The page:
Nivola is captivating as Dickie, a character that is both charming and intense. While some scenes are hard to watch him in as he unleashes a monstrous side reminiscent of Christopher in The Sopranos, Nivola nails the complexities of Dickie as so much of his spirit was felt and filled in on the HBO show. Not to mention, Nivola, who has often played supporting characters in movies like American Hustle or The Wizard of Lies, is a terrific actor and very much underrated. His leading alongside the cast elevates the film, especially as seen with his chemistry alongside Michael Gandolfini, playing teenage Tony Soprano. The 22-year-old actor, loyal to the craft just like this father, is incredibly striking in this role with electric energy and charisma that feels reminiscent but holds up to his own. Taking on the task of a character that his father James Gandolfini made world-famous isn't an easy skin to jump into either. But Michael does it with the utmost care as he nails many of his father's mannerisms and diction for a flawless and forceful performance. It's hard not to be mesmerized and engrossed in the portrayal of Michael's young Tony as it's just so effortless and sincere. His on-screen demeanor is magnetic and complements the Tony Soprano persona we came to love on the show.

Odom Jr. can do no wrong and his role in The Many Saints of Newark is another strong performance that will have many clamoring for more of Harold's story, especially in how things look a lot more open-ended for him by the film's conclusion. Always so majestic on-screen with a commanding, masterly presence, Odom Jr. is irresistible to watch as he pulls out absorbing and magnanimous purpose to his character. One of the more powerful scenes with Odom Jr. is evidenced in recreating the 1967 Newark Riots. With Harold watching the injustice wrought against his community unfold before his eyes, Odom Jr. elevates his character's profundity with a visible transformation that is immaculately performed amid a brilliantly juxtaposed and envisioned moment in direction by Taylor featuring Gil-Scott Heron's track "Your Soul and Mine."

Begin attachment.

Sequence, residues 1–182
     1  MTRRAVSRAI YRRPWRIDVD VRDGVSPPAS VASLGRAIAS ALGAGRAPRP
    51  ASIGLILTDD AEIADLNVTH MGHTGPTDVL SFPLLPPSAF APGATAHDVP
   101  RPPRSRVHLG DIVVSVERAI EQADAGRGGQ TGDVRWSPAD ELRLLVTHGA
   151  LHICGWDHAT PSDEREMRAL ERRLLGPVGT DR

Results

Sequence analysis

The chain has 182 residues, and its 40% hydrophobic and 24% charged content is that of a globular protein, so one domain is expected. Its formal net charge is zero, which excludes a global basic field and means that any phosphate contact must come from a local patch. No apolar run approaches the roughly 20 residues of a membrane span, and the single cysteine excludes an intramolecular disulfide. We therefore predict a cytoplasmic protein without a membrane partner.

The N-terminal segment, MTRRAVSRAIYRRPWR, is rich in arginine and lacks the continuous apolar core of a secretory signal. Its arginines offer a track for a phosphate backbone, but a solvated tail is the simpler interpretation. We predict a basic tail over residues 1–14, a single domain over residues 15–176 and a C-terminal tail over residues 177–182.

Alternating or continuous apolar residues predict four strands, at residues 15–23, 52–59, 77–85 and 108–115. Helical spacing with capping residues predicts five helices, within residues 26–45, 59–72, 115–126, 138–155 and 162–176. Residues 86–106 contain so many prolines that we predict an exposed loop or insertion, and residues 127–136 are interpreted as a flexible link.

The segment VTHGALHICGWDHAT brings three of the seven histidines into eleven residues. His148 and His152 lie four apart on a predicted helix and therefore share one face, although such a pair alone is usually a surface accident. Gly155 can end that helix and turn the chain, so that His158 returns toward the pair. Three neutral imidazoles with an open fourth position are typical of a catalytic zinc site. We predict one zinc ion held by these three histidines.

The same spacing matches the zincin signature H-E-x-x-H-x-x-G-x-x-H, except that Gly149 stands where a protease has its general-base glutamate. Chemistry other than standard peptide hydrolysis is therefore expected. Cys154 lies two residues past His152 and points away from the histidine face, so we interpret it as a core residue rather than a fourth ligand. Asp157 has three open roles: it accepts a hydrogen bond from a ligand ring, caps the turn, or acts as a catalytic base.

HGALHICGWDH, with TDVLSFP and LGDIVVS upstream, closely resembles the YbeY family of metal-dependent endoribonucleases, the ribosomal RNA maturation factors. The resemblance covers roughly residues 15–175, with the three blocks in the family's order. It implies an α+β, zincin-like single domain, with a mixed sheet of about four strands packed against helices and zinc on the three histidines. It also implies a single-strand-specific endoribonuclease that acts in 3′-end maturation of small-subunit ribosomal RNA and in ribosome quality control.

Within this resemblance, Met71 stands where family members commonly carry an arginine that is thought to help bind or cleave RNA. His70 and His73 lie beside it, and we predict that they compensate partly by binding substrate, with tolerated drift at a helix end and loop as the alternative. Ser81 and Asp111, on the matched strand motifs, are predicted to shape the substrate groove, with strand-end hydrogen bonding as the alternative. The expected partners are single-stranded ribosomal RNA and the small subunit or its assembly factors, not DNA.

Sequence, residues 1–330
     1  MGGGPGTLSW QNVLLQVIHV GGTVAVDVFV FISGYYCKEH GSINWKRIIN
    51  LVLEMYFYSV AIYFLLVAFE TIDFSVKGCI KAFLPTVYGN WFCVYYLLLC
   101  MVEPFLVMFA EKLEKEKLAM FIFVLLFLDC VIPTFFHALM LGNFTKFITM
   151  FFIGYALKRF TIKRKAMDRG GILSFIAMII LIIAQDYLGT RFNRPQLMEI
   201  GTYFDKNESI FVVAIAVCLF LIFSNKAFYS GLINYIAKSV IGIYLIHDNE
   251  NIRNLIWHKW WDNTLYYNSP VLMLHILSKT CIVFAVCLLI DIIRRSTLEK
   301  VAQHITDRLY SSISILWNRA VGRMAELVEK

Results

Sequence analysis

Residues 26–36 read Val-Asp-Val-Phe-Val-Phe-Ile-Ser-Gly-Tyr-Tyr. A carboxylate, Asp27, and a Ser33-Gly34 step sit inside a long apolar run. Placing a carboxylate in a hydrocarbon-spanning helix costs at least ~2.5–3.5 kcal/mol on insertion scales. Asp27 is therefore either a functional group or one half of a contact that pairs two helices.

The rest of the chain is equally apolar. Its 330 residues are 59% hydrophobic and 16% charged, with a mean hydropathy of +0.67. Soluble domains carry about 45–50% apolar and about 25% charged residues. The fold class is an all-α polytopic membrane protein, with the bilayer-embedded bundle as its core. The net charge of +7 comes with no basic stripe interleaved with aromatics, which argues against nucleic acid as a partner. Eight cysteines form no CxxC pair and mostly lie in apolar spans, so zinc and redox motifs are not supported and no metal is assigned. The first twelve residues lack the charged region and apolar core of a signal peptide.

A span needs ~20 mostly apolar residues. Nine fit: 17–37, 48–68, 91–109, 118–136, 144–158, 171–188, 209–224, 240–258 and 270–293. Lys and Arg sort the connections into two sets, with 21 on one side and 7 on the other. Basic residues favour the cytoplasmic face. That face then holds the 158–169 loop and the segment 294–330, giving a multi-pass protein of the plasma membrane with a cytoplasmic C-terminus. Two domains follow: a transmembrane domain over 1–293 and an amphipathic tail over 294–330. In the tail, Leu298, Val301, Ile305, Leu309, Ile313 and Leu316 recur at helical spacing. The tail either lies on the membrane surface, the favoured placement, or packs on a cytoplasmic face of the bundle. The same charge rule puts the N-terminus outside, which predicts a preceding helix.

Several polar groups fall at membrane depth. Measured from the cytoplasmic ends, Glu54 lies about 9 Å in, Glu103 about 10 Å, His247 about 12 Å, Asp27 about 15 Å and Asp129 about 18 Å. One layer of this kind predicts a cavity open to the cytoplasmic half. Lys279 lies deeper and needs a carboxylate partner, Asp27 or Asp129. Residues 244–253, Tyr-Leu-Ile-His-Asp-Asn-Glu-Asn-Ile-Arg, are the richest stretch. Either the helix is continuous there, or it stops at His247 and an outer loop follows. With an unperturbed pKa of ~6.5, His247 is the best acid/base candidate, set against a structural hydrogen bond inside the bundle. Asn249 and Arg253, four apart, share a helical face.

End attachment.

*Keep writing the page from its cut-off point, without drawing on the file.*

The film is supported by an all-star cast, each bringing a fresh take to their characters, including the likes of Jon Bernthal as Johnny "Boy" Soprano, Vera Farmiga as Livia Soprano, Ray Liotta as Aldo "Hollywood Dick" Moltisanti and newcomer Michela De Rossi as Giuseppina Bruno. Farmiga's incredible take on Livia is one to keep your eyes on as audiences get to see the mental health struggles Tony's mother is suffering early on, earning an understanding of her actions on The Sopranos. Additionally, Liotta is perfection in this and proves he is always a force to reckon with in every movie. There is so much to really admire about his performance, especially as fans will see another side of him almost immediately. 

Undoubtedly one of the best movies of the year, paying a healthy homage and respect to The Sopranos tone, The Many Saints of Newark is a five-star, full-bodied crime drama with premium entertainment that manages to create a blend of new and old for audiences through an ambitious balance between drama, dark comedy, nostalgia and precisely detailed character arcs. Smoothly harmonizing edge with heart for a cohesive story, the film is undeniably entertaining and works magnificently to open doors for plenty more thanks to compelling direction and writing. 

The Many Saints of Newark is in theaters nationwide on Oct. 1, 2021 and will be available in the U.S. on HBO Max via the Ad-Free plan, available in 4K UHD, HDR10, Dolby Vision and Dolby Atmos (English only) on supported devices for 31 days from the theatrical release. It is being distributed worldwide by Warner Bros. Pictures and has been rated R for strong violence, pervasive language, sexual content and some nudity.